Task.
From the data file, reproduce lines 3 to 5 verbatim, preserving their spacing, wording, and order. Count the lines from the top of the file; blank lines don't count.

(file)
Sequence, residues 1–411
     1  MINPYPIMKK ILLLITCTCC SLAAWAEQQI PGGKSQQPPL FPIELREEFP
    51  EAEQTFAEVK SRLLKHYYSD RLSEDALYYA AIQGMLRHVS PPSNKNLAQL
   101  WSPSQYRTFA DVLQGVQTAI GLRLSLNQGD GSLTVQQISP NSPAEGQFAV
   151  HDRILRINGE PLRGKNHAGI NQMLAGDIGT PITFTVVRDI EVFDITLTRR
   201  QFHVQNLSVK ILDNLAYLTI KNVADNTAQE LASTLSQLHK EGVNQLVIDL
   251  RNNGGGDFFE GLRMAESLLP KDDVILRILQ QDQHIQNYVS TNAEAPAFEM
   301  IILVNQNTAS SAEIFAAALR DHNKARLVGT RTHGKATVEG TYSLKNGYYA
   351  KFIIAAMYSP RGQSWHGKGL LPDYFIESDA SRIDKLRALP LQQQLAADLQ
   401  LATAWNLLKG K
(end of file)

    51  EAEQTFAEVK SRLLKHYYSD RLSEDALYYA AIQGMLRHVS PPSNKNLAQL
   101  WSPSQYRTFA DVLQGVQTAI GLRLSLNQGD GSLTVQQISP NSPAEGQFAV
   151  HDRILRINGE PLRGKNHAGI NQMLAGDIGT PITFTVVRDI EVFDITLTRR